Wash the vegetables and drain thoroughly. Shred the cabbage and carrots. Separate the bok choy stalks and leaves. Cut the stalks diagonally and cut the leaves straight across. Toss the shredded cabbage, carrots, bok choy and mung bean sprouts in a large bowl.

Set aside.

Stir the olive oil into the rice vinegar. Stir in the sesame seed oil.

Place the dressing in the bottom of a bowl, add the vegetables and toss again. Add the cilantro, if using, and sprinkle the toasted sesame seeds on top.

NOTES : This recipe uses Asian flavors to liven up a standard coleslaw recipe. To further the Asian influence, try replacing the red cabbage with Napa cabbage.

another note - ramen noodles would be good in this one also - hmmm, I may combine these two...
-----

I hope we get some more ideas, I really like bok choy. I stir fry it a lot, also.
Retired and having fun writing cookbooks, tasting wine and sharing recipes with all my friends.
www.achefsjourney.com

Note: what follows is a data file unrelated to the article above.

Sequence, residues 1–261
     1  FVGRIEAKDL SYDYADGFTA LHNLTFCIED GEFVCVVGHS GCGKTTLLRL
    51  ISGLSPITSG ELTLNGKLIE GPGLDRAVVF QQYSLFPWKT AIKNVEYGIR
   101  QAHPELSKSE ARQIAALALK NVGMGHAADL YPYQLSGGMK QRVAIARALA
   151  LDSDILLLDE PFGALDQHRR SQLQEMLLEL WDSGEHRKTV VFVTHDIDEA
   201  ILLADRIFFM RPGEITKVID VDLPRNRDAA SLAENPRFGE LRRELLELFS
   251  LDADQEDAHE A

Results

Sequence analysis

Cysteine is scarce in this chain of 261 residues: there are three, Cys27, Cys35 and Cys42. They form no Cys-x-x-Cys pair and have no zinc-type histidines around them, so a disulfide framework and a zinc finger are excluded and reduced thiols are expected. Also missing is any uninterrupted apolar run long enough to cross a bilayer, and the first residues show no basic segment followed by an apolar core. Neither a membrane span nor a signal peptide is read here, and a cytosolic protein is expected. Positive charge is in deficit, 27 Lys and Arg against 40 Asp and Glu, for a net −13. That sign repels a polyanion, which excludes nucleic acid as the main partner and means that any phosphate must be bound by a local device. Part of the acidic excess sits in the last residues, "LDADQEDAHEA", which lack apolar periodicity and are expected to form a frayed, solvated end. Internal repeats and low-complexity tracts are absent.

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#12
  Re: Re: Bok Choy by cjs (good thread to start...)
OK, the review...this was great tasting. I did play with the sugar as I thought that was to much. I just added it until I thought it tasted right. The whole family enjoyed it and ate it down to the last bite. The greens from the bok choy sometimes have a slightly bitter flavor, which kind of contrasted with the sweetness. Good stuff! Maybe a 7 in my calculations.
Don't wait too long to tell someone you love them.

Billy
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#13
  Re: Re: Bok Choy by bjcotton (OK, the review...thi...)
I thought this would get more of a response since bok choy is so good...guess not everyone likes it.
Don't wait too long to tell someone you love them.

Billy
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#14
  Re: Re: Bok Choy by bjcotton (I thought this would...)
Quote:

I thought this would get more of a response since bok choy is so good...guess not everyone likes it.




Both of these look good, Just have to wait until I have someone to I can feed it to!

I like the idea of the Ramen noodles, like in the Outback's chopped salad. I'm just getting the Picky One to eat Romaine, never mind Bok Choy!